Recombinant sAPPα selectively bound to GABABR subunit 1a (GABABR1a)–expressing cells. Binding was mediated by the flexible, partially structured extension domain in the linker region of sAPP and the natively unstructured sushi 1 domain specific to GABABR1a. sAPPβ and sAPPη, which both contain the extension domain, also bound to GABABR1a-expressing cells. Conversely, APP family members APP-like proteins 1 and 2, which lack a conserved extension domain, failed to bind GABABR1a-expressing cells. Acute application of sAPPα reduced the frequency of mEPSCs and mIPSCs and decreased synaptic vesicle recycling in cultured mouse hippocampal neurons. In addition, sAPPα enhanced short-term facilitation in acute hippocampal slices from mice. Together, these findings demonstrate that sAPP reduces the release probability of synaptic vesicles. These effects were dependent on the presence of the extension domain in sAPP and were occluded by a GABABR antagonist. A short APP peptide corresponding to the GABABR1a binding region within APP stabilized the natively unstructured sushi 1 domain of GABABR1a, allowing determination of its solution structure using nuclear magnetic resonance spectroscopy and the generation of a structural model of the APP–sushi 1 complex. Application of a 17–amino acid APP peptide mimicked the effects of sAPPα on GABABR1a-dependent inhibition of synaptic vesicle release and reversibly suppressed spontaneous neuronal activity in vivo.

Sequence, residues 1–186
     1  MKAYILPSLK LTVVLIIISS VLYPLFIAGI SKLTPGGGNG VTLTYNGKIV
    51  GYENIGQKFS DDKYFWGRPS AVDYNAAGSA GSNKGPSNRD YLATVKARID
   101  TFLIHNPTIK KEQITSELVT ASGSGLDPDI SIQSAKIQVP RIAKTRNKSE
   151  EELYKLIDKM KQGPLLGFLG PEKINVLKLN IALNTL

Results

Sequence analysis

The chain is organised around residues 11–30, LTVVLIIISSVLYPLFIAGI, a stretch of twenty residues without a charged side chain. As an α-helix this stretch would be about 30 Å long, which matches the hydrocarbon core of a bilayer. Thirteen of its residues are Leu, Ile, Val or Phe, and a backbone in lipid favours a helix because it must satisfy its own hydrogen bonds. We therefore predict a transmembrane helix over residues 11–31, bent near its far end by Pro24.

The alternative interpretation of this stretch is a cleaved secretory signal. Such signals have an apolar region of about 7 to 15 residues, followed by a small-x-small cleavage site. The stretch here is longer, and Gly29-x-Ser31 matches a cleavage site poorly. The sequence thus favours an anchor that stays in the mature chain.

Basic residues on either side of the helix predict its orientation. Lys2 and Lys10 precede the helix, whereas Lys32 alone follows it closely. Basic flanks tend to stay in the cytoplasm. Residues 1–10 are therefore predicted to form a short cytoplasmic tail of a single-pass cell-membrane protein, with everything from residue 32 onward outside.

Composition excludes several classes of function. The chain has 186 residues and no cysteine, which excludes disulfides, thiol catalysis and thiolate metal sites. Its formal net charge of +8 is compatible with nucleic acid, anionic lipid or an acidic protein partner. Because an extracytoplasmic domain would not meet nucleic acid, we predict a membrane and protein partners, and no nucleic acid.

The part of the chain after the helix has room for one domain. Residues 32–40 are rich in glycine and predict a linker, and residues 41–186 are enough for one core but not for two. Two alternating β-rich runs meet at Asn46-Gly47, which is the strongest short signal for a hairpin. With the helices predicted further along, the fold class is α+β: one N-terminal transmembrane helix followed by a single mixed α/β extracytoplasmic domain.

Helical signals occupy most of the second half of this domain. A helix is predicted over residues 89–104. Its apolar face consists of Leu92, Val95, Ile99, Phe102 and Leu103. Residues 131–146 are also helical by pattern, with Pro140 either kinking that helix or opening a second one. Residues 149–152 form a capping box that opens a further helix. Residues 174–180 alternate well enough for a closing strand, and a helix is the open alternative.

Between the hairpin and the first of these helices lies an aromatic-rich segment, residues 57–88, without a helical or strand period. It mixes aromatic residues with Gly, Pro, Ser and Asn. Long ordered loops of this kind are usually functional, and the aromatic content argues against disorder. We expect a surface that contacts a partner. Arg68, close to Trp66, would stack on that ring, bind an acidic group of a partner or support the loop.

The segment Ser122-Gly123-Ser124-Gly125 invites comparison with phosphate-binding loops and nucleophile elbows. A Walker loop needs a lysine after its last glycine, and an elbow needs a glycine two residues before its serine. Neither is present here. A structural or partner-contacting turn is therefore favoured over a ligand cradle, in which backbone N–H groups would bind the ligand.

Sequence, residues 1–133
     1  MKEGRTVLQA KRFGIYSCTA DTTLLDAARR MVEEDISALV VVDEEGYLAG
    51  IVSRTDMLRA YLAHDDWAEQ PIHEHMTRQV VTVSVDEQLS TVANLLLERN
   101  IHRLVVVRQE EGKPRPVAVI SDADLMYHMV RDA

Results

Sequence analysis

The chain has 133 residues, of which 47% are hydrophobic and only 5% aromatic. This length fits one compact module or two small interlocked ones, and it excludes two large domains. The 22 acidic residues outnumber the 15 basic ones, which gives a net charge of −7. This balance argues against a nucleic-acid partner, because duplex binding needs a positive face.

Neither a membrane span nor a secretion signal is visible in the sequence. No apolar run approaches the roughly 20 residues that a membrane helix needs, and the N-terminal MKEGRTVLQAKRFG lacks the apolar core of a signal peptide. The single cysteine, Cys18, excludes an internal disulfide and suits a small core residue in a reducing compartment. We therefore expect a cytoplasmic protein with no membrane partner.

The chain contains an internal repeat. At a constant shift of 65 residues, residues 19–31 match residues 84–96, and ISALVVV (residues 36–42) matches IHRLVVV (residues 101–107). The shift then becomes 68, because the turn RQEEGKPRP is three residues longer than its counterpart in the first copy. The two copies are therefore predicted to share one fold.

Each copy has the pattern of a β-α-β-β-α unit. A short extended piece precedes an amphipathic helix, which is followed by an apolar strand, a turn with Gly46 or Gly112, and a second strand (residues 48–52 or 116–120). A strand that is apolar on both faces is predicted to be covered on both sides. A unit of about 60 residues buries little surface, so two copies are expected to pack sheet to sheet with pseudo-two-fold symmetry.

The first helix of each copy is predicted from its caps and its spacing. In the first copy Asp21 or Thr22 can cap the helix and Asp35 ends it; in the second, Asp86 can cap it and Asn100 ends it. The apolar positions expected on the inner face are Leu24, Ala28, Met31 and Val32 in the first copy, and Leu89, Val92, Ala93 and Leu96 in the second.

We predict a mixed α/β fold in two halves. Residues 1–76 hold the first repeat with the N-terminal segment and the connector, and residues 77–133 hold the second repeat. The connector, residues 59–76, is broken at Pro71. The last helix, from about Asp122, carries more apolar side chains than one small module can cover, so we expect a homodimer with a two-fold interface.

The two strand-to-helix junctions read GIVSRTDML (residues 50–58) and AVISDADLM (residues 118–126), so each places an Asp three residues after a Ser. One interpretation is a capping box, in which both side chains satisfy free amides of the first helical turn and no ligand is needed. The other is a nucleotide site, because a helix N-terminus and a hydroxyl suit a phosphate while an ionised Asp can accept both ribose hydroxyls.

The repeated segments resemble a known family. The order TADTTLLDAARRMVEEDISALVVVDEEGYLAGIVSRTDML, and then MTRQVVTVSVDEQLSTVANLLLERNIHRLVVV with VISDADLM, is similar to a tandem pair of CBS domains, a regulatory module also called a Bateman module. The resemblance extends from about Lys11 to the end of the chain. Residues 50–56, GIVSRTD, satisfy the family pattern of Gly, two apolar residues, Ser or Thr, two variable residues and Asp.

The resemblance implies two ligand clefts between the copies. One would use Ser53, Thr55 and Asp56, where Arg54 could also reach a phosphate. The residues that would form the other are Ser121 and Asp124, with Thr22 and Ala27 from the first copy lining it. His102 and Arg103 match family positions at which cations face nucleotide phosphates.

CONCLUSION

We identified GABABR1a as a synaptic receptor for sAPP and revealed a physiological role for sAPP in regulating GABABR1a function to modulate synaptic transmission and plasticity. Our findings provide a potential target for the development of GABABR1a isoform–specific therapeutics, which is relevant to a number of neurological disorders in which GABABR signaling is implicated.

sAPP is a functional GABABR1a-specific ligand.

In the presence of sAPP (right), the extension domain (ExD) of sAPP binds the sushi 1 domain specific to GABABR1a. Binding induces a conformational change in the sushi 1 domain and leads to increased short-term facilitation and decreased neuronal activity via inhibition of neurotransmitter release. N, amino terminus; C, carboxyl terminus; α, β, and γ, G protein subunits coupled to GABABR subunit 2 (GABABR2); E1 and E2, sAPP domains.

ILLUSTRATION: SOMERSAULT18:24

Abstract

Amyloid-β precursor protein (APP) is central to the pathogenesis of Alzheimer’s disease, yet its physiological function remains unresolved. Accumulating evidence suggests that APP has a synaptic function mediated by an unidentified receptor for secreted APP (sAPP). Here we show that the sAPP extension domain directly bound the sushi 1 domain specific to the γ-aminobutyric acid type B receptor subunit 1a (GABABR1a). sAPP-GABABR1a binding suppressed synaptic transmission and enhanced short-term facilitation in mouse hippocampal synapses via inhibition of synaptic vesicle release. A 17–amino acid peptide corresponding to the GABABR1a binding region within APP suppressed in vivo spontaneous neuronal activity in the hippocampus of anesthetized Thy1-GCaMP6s mice. Our findings identify GABABR1a as a synaptic receptor for sAPP and reveal a physiological role for sAPP in regulating GABABR1a function to modulate synaptic transmission.

View Full Text